Veering away from the country's traditional standpoint, the president of Mexico has proposed to legalise gay marriages nationally. On 17 May, Enrique Pena Nieto said he planned to submit a proposal to Congress that wold recognise "the right to enter into marriage without any discrimination".
Announcing the move on his Twitter account on International Day Against Homophobia, Transphobia and Biphobia, Pena Niento wrote: "I signed reform initiatives to boost the #MatrimonioIgualitario is enshrined in the Constitution and the Federal Civil Code.
"These reform initiatives are modelled @SCJN criteria in favour of non-discrimination #SinHomofobia."
In 2015, Mexico's Supreme Court ruled that it was unconstitutional for states to bar such couples from wedding and urged states to legalise same-sex marriages. Mexico City and the states of Coahuila, Quintana Roo, Jalisco, Nayarit, Chihuahua and Sonora have opted to legalise it but many other traditionally conservative ones have not changed their statuses and gay marriages are still banned by local law.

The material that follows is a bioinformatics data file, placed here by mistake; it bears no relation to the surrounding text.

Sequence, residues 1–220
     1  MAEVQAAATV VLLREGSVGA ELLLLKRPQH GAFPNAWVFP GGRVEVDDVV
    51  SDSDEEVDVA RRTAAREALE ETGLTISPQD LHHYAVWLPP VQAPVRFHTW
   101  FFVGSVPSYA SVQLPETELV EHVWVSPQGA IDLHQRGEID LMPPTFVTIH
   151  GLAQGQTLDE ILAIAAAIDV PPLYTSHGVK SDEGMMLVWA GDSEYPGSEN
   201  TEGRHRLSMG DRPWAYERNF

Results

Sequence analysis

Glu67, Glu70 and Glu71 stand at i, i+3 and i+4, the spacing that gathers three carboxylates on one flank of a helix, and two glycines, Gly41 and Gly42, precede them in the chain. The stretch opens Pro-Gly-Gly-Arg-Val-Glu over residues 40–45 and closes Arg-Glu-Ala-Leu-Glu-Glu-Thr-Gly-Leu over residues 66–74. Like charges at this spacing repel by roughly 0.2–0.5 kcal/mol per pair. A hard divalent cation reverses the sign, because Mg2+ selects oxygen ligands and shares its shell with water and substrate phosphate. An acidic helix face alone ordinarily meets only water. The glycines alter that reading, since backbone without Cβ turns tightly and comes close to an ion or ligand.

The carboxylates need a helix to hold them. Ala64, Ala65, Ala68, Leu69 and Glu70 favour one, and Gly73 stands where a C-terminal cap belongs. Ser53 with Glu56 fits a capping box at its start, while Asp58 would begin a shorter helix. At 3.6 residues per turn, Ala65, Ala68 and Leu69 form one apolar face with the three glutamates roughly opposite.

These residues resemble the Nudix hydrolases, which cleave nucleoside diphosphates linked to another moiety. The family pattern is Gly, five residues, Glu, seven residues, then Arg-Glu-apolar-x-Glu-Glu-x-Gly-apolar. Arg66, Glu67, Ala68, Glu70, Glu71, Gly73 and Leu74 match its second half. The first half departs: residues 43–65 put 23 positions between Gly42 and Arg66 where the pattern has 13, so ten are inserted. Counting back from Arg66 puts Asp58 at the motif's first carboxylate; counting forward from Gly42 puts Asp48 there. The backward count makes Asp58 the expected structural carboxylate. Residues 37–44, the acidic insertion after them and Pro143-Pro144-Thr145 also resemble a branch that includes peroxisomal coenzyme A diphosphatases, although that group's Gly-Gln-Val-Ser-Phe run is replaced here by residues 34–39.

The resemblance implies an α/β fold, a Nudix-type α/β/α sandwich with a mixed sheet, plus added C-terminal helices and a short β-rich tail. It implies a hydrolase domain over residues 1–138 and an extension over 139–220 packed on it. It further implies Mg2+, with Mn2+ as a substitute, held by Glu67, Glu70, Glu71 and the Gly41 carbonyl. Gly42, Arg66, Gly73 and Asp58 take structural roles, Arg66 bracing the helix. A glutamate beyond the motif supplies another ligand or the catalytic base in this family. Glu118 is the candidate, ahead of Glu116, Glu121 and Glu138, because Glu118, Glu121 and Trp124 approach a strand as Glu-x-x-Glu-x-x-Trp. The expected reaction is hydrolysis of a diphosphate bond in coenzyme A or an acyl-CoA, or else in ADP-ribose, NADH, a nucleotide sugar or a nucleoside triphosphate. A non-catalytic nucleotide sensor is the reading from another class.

Pena Nieto mentioned he aims to amend Article 4 of the constitution to reflect the Supreme Court opinion "to recognise as a human right that people can enter into marriage without any kind of discrimination".
He ventured to explain that discrimination should not be based on "ethnicity or nationality, of disabilities, of social or health conditions, of religion, of gender or sexual preference".
If approved, Mexico will become the fifth country in Latin America to legalise same-sex marriages. Argentina, Uruguay and Brazil and Colombia have already made it a constitutional right.
While the launch of this progressive policy is being celebrated by the country's LGBT community, a number of church officials have criticised the plan and urged Congress to oppose the initiative. Reverend Hugo Valdemar, spokesman for the Catholic Archdiocese of Mexico City, said: "Marriage has some very concrete aims which, of course, two people of the same sex do not fulfil."